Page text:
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SHEI Magazine is a University of Michigan student-run fashion, art, and pop culture publication. Everything from the photography, writing, modeling, editing, and publicity of our bi-yearly print publications and monthly digital mini is created by students who attend the University of Michigan. Founded in 1999, SHEI Magazine continues to produce issues of professional quality, as well as provide real-world experience to students interested in journalism, publishing, and the fashion industries.

Concert Review: ODESZA at The Masonic Temple

Features

Concert Review: ODESZA at The Masonic Temple

Catherine Livingston

            In an era of fickle Internet buzz and schemed publicity, ODESZA’s story is refreshingly genuine. Their encounter was happenstance. In 2012 Harrison Mills (a.k.a. CatacombKid) and Clayton Knight (a.k.a. BeachesBeaches) found each other in a mutual friend’s apartment at Western Washington University. Mills was showing his friend some new sounds and Knight happened to walk into the apartment during that time. It didn’t take long before the pair realized their mutual taste and music-making chemistry. From an authentic start came authentic music. Boasting a “now or never” attitude, Mills and Knight dove into the music scene without expectations. They began recording and quickly caught fire in the music scene. A short three years later, Mills and Knight find themselves in the middle of an immensely successful world tour. One stop on that tour was, of course, the one and only Dirty D.

            The Gothic arches of Detroit’s Masonic Temple stretch skyward into the murky evening clouds. It’s around 8:00pm on Friday, November 20th. Fans stand shivering in a thick line, anxious to be allowed in through the guarded doors.  Mere hours in the future their now-frigid bodies will be sweating and jumping to the melodic tempo of Seattle-based electronic music duo ODESZA.

Jai Wolf.

Jai Wolf.

             Jai Wolf kicks off the show. He walks nonchalantly across the Masonic Temple’s stage to his sound board. Vapor and red light radiate from behind his silhouette. Facing the humming crowd he crouches over the table, tweaking and twisting the knobs as his fluid, up-tempo music pulses into the concert hall. The crowd sways to the rhythm of his creations. He spins a few remixes: Dirty South’s “With You” and Drake’s “Hotline Bling.” He ends his set with his electronically orchestral hit “Indian Summer.”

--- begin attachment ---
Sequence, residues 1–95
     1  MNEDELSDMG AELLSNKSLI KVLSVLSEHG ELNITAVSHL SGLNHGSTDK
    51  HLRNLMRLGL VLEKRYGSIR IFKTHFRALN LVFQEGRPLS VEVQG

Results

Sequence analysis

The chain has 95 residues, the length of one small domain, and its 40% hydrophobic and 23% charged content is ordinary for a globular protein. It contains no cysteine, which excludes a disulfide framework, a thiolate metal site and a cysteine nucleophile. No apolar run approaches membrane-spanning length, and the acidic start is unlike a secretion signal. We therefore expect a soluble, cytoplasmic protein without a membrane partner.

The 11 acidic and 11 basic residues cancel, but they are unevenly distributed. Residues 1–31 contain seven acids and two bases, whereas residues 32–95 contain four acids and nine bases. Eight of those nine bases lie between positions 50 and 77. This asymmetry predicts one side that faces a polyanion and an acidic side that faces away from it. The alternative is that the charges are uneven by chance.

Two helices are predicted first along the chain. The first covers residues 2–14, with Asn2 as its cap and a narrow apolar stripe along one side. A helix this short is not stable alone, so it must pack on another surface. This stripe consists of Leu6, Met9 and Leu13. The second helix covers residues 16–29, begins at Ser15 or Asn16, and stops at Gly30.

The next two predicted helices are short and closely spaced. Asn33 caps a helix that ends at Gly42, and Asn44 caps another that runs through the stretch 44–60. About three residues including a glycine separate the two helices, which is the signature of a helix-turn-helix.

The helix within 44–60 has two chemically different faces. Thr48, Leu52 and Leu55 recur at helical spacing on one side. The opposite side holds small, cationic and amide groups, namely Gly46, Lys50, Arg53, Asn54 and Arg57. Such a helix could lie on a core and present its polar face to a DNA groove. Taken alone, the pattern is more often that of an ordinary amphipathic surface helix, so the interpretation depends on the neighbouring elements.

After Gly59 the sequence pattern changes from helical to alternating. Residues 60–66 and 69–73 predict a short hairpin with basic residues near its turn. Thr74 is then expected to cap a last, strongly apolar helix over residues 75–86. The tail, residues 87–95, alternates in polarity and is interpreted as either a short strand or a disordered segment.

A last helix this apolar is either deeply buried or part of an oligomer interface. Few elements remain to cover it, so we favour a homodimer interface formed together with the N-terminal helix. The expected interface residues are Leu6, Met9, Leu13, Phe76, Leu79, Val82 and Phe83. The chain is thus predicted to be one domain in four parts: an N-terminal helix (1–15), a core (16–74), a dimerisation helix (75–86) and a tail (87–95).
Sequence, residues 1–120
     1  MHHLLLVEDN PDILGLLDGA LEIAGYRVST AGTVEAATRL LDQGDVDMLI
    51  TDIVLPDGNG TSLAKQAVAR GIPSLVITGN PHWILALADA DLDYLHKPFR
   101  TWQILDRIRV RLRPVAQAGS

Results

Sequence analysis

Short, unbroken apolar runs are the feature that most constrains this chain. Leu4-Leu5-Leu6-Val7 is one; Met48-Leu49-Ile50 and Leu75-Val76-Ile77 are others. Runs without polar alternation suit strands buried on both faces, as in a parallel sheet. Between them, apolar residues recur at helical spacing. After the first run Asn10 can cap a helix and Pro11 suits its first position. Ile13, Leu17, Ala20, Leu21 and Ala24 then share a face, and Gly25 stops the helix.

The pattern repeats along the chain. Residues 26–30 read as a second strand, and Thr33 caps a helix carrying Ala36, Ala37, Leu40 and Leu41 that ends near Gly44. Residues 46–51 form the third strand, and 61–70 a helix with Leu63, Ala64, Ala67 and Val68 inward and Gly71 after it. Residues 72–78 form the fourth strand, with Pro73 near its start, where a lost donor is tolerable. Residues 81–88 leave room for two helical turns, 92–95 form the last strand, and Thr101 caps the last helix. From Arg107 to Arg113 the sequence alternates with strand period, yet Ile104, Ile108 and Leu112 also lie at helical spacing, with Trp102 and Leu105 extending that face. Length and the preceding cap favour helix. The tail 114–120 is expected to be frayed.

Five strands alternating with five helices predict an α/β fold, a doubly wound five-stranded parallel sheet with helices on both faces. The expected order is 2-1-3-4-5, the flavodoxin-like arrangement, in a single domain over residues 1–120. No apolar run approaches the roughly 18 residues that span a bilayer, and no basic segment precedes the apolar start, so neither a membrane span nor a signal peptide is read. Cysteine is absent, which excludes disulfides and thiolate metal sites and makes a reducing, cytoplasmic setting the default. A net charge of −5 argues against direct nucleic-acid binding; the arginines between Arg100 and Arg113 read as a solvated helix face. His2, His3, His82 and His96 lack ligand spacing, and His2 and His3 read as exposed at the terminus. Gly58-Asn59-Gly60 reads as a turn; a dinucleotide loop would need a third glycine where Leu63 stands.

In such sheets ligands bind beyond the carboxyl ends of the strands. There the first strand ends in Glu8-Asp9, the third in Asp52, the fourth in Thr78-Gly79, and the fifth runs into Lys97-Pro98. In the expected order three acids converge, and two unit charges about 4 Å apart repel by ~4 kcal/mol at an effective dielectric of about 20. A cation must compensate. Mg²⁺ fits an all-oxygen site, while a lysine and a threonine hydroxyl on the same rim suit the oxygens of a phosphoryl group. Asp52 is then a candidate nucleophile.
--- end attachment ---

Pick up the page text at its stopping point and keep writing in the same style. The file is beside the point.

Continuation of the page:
Tyrone Lindqvist, lead singer and guitarist of RÜFÜS DU SOL.

Tyrone Lindqvist, lead singer and guitarist of RÜFÜS DU SOL.

            RÜFÜS DU SOL takes the stage next.  The Sydney-based electronic group pumps up the crowd with hits like “Sundream” and “Like An Animal.” With a heavier focus on vocals and live instruments, RÜFÜS was a dynamic spectacle on stage. After the trio finished their set, they introduced the star of the show.

            The room was pitch black. Two shadowy figures float to either side of the stage. They settle behind two digital audio stations complete with drums and keyboards. A flash of white light bursts on, in sync with the first beat of ODESZA’s opening number.

Left: Harrison Mills (a.k.a. CatacombKid) and Right: Clayton Knight (a.k.a. BeachesBeaches). 

Left: Harrison Mills (a.k.a. CatacombKid) and Right: Clayton Knight (a.k.a. BeachesBeaches). 

            The show was electric. Intoxicating streams of light erupted onto the faces of the audience. Some of the fans closed their eyes, immersing themselves in ODESZA’s trademark dreamy tempo. People went wild for the duo’s biggest hits “Say My Name,” “Sun Models” and “How Did I Get Here?” More than just music, the show was a visual experience. The opening track was accompanied by graphics of stone shards hurling forward towards the crowd. Other visuals ranged from abstractions of psychedelic color to floating lanterns. Needless to say, ODESZA put on one incredible show.

            ODESZA’s sound is unique from other electronic artists. To fans and cynics alike, electronic music can have a very cold or emotionless feel to it. Unlike most electronica, ODESZA’s soundscape is warm and alive. Mills and Knight make an effort to add natural textures, vinyl layers and different forms of reverberation to each of their songs. It gives their acoustic a more organic vibe, rather than the robotic sound that defines most electronic music. 

ODESZA

ODESZA

Towards the end of the concert, Knight and Mills asked the audience to put up their lighters or glowing phones. The mass of people swayed their arms, transforming the arena into a glittering night sky.

ODESZA’s In Return Tour will continue until June 27, 2016. Check out their website for venues and dates if you’re interested in experiencing the amazing show yourself. If anything, keep an ear out for new ODESZA tracks and collaborations.

Photography by Olivia Meszaros.